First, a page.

When creating a managed object model using Xcode's Data Model Editor, I knew that there was a way to specify a default value for a date attribute that would cause it to default to the current date and time. It's one of those things I need to do about twice a year and can never, ever remember how it's done. Apple's documentation didn't yield an answer (it might be in there, but it's not easy to find). Yes, you can create a custom subclass of NSManagedObject and set the value in awakeFromInsert:, but for those situations where you don't want to subclass, or don't feel like it, I knew there was a way and it was frustrating me that I couldn't remember it or find it.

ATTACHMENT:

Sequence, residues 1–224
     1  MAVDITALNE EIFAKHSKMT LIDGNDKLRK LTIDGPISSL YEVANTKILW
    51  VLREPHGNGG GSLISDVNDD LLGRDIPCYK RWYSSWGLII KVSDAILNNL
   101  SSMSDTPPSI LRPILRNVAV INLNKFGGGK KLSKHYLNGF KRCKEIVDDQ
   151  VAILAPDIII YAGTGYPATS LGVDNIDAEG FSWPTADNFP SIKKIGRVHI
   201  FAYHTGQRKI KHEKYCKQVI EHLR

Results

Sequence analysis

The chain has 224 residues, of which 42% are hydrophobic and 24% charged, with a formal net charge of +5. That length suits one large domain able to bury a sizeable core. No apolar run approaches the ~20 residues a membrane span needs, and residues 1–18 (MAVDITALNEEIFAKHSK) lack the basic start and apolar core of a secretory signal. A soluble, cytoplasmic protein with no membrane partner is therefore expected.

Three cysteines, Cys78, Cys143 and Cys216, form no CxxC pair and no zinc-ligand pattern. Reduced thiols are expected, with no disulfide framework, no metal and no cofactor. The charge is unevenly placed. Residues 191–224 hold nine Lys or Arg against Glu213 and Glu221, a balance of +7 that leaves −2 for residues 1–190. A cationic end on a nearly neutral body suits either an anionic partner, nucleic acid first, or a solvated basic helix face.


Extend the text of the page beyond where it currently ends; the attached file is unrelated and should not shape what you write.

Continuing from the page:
Thanks to Twitter, I got the answer, and it's a cooler answer than I remembered. The Default field for date attributes will interpret natural language strings put in quotes. It appears to be that anything that NSDate's natural language parser can handle, the date attribute's default field can handle. "Tomorrow", "Today", "Now", "Yesteday at Breakfast".
WHOAH: After a user comment alerted me to this, I tested it out and sure enough, the natural language string entered into the default field is actually determined at compile time, not at runtime, so 'today' will always result in the same date. Do not use this technique!
via Shane Crawford